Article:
The truth about Security Token Offerings (STOs)

28th May 2019 Off By binary
The truth about Security Token Offerings (STOs)
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Security Tokens: Can I take my newspaper Kiosk business public?

Security Tokens represent securities. In essence, a security is a fungible, negotiable financial instrument that holds some type of monetary value. It represents an ownership position and enables stakeholders to own a particular stock, bond or in the case of security tokens, it can allow investors to acquire a stake in a newspaper kiosk.

According to the Securities and Exchange Commission (SEC), a security must fulfil the following criteria:

1. It is an investment of money;

2. The investment is in a common enterprise;

3. There is an expectation of profit from the work of the promoters or the third party.

STOs (Security Token Offerings) are fundraising tools similar to ICOs (Initial Coin Offerings) and IEOs (Initial Exchange Offerings — ICOs through exchanges) with a key difference in that they adhere to strict regulations. These digital assets operate within legal boundaries and certain regulators are accountable for their actions.

Typically, tokens (vouchers that can be exchanged for goods or services) are deemed to be securities if there is an expectation of a capital gain, generated from the efforts of others. In other words, security tokens are investment contracts bearing legal ownership rights of the underlying asset.

What happens if I want my business to raise money via an STO?

If a business wants to raise money via an STO and make it available on the blockchain, the business should follow the similar guidelines that a typical company is going through an Initial Public Offering (IPO) process. This entails adhering to rules including specialist assistance usually provided by a corporate finance firm that takes charge of the listing, including permissions to advise and arrange the issuance of investments, i.e. shares.

The listing suggests that the company will be listed on an exchange either on a Regulated Market (RM), an Organised Trading Facility (OTF) or a Multilateral Trading Facility (MTF), where the company must comply with all the specified listing requirements of the venue.

The shares will not be deemed to be listed unless an exchange operator is involved, and a prospectus will only be deemed necessary depending on the number of investors the shares are offered to. The regulator must also be notified prior to such an operation to commence. The listing can also be on a cross-border basis under passporting provisions.

In summary, the company needs to transition from private to public, and an Investment Firm needs to be involved to facilitate issuance and adherence to regulatory rules. The exchange will list the company, all shares will be publicly traded, and the market will regulate this operation following all the required listing procedures.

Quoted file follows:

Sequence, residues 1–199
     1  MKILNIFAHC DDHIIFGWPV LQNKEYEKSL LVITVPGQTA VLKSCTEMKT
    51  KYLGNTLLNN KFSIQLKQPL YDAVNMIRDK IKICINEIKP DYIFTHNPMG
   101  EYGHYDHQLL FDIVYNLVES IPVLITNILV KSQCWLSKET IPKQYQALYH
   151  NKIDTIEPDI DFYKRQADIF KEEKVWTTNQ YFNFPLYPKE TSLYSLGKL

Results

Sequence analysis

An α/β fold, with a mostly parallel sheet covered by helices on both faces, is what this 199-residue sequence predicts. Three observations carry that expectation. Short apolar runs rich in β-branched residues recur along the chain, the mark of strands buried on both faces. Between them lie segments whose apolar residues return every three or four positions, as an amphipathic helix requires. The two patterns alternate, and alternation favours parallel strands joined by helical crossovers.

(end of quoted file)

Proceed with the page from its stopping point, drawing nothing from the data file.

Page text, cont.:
It is not as easy as it looks — expensive and time-consuming — to conduct an STO for a company and to issue tokens as a security, but what are the alternatives?

Buying a Company through an Investment Fund, and the Fund lists the shares as an STO

Photo of a Kiosk in Greece

Imagine a Master Fund has a Fund called ‘Kiosk’, and this Fund acquires the newspaper kiosk business that you own 1:1 for 100%. This Investment Fund will then be allowed to offer the tokens (aggregated in the fund) through a prospectus and can list these on an exchange making the process even easier. Therefore, a much more efficient way to offer an STO is to use an investment fund structure that facilitates the purchase of companies or vehicles and offers them out to investors as units of that investment fund.

Why are STOs important?

Given the fact that we can now tokenise existing securities such as Apple and Google, this concept can be taken a step further and allow smaller companies to be made available to investors. This is made possible by blockchain technology which focusses on decentralisation and fintech.

STOs facilitate capital market services such as fundraising and commoditisation, but at a grass-roots level which means far more people can participate in capital markets than ever before. Security tokens are structured differently to traditional listings, but in the end, the final result is similar, because STOs allow us to issue securities that are offered via brokerages and regulated exchanges.

If STOs are conducted in accordance with guidelines (while employing protective mechanisms), they are a superb vehicle for securitisation of assets while mitigating the risk of market default.

Summing up the options for a newspaper Kiosk raising capital

1. Crowdfunding platforms (Kickstarter, Seedrs, etc.) can present the project to the public and raise money for a variety of causes;

2. Initial Coin Offerings can create tokens, i.e. ERC20 attached to the utility of a business and can benefit the wellbeing of an enterprise;

3. Initial Exchange Offerings can list the token on the best exchanges, i.e. Binance as a utility token while providing cross liquidity. As it currently stands most exchanges are not permitted to offer STOs;

4. Sell traditional shares to investors on a known basis;

5. Conducting a Security Token Offering via an Investment Firm or via a Fund. In our case ‘Kiosk’, I believe the Fund option is the most straightforward and best course of action.


The truth about Security Token Offerings (STOs) was originally published in Hacker Noon on Medium, where people are continuing the conversation by highlighting and responding to this story.

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